Republican Glenn Youngkin is going back to the future with his closing argument in the homestretch of his gubernatorial bid against Democrat Terry McAuliffe.
Looking to coax undecided voters off the sidelines, Mr. Youngkin is barnstorming Virginia with a traditional conservative Republican message anchored in kitchen-table issues.
“We collectively know the future that we can build is so different than the one Terry McAuliffe wants the government to impose upon us,” Mr. Youngkin said at a recent rally.
“It is about a Virginia where we, in fact, get to live the Virginia promise — a promise that we are going to have the best schools, the safest neighborhoods, we are going to have the best jobs, we are going to have a low cost of living and oh, by the way, a promise where our children can dream the most radical dreams.”
Mr. Youngkin’s challenge has been to thread the needle between wooing Donald Trump’s supporters while winning over those turned off by his combative politics, which helped fuel Joseph R. Biden’s 10-point victory in the state last year.
Throughout the campaign, Mr. Youngkin has occasionally leaned into culture wars and touched on hot-button issues such as election integrity, critical race theory and parental outrage over some books found in public schools.
This week he released an attack ad featuring a parent and activist complaining about Toni Morrison’s Pulitzer Prize-winning novel “Beloved.”
But on the stump, in the closing days of the campaign, he has been more interested in talking about his plans to bolster education, abolish the grocery tax and cut taxes across the board.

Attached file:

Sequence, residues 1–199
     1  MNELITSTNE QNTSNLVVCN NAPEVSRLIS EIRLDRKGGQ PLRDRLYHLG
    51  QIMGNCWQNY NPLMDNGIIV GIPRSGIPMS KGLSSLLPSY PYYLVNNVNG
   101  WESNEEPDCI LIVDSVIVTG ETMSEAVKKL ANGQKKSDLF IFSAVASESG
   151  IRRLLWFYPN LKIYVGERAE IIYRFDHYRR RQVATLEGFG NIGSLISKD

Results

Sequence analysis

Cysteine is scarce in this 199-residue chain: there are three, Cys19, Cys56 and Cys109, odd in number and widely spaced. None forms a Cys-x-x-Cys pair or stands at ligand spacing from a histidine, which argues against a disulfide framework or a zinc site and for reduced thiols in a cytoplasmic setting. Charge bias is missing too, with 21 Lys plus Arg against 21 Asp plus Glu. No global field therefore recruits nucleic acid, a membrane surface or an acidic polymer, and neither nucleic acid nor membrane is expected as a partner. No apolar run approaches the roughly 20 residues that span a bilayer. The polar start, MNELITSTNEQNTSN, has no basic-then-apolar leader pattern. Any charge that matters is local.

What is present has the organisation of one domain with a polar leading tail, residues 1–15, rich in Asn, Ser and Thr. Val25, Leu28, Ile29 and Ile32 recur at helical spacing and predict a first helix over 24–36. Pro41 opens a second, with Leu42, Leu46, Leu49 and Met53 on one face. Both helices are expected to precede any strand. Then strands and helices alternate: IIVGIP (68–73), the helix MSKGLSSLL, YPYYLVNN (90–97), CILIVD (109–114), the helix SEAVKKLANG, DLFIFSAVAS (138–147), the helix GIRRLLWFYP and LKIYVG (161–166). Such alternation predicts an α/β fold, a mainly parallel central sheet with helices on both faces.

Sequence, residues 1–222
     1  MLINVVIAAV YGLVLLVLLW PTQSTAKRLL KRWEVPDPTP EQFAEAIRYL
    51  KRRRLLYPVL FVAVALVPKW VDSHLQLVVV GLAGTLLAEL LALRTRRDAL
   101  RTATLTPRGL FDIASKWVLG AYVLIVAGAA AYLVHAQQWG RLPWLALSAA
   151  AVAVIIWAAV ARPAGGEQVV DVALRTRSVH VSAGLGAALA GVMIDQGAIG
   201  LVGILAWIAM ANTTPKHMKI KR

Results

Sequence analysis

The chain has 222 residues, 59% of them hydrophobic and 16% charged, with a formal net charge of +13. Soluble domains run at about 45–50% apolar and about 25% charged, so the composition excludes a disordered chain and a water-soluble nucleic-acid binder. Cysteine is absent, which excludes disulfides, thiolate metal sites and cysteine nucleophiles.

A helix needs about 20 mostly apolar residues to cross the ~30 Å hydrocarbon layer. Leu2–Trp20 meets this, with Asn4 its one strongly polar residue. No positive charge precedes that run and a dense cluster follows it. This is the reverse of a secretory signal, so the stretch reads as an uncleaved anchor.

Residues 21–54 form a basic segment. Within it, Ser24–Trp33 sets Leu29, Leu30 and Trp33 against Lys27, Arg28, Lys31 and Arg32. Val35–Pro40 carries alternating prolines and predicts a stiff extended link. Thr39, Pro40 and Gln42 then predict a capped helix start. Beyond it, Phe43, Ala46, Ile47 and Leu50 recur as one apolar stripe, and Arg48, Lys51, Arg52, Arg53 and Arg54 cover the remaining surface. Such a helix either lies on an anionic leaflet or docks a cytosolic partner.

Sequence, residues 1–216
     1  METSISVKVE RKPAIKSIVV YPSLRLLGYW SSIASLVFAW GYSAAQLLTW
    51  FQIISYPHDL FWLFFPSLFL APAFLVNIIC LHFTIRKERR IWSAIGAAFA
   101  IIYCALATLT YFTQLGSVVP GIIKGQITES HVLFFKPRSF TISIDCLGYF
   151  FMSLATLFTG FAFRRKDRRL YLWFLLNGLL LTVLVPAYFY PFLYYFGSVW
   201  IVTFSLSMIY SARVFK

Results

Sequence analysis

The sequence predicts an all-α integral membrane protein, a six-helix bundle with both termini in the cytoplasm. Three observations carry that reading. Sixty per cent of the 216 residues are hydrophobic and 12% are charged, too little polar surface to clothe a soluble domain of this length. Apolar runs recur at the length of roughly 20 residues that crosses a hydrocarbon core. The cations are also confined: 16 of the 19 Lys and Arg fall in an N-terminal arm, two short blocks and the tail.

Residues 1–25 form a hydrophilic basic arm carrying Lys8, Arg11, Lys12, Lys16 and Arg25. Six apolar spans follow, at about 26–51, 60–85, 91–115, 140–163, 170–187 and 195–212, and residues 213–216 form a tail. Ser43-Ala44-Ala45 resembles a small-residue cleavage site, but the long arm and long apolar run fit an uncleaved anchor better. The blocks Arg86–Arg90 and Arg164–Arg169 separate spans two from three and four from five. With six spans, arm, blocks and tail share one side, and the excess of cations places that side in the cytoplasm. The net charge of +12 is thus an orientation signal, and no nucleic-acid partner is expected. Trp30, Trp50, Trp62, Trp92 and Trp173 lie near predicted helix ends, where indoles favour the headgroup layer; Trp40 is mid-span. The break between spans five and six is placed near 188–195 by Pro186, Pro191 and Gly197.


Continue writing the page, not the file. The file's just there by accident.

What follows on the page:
Mr. Youngkin has made a clear pivot since he skipped out on a “Take Back Virginia” rally this month organized by loyal Trump supporters, said Quentin Kidd, a political science professor at Christopher Newport University.
“The Trump base has already committed to him,” Mr. Kidd said.
“So he is trying to get that last holdout suburban mom or voter that otherwise didn’t like Donald Trump to trust him and give them their vote,” he said. “It makes sense for him to become this combination of [former Gov.] Bob McDonnell, Mitt Romney and John McCain all at once.”
Republicans have not won statewide since Mr. McDonnell, a former state attorney general, pulled off the feat in 2009.
Mr. McDonnell steered clear of divisive social issues, and his centrist platform — focused on jobs, the economy and road repairs — resonated with suburban voters.
Mr. Youngkin has taken a similar approach. He also benefits from concerns about Mr. Biden in much the same way that Mr. McDonnell capitalized on blowback against President Obama’s approach to the souring economy and health care.
“The difference is the state is more Democrat now than it was in 2009,” said state Sen. Chap Petersen, Fairfax Democrat. “I think that is one difference, and also Bob had run and won as attorney general. So I think he was a little bit more ‘establishment.’ ”
Republicans for years dominated Virginia’s statewide elections, feasting on strong support in small towns and counties, and in the suburbs. That was often enough to offset the Democratic strongholds of Northern Virginia, Richmond and the Tidewater area.
The electorate, though, changed.
Population growth in the cities and suburbs made the Old Dominion more diverse and, in many cases, more affluent, tilting the playing field away from the GOP.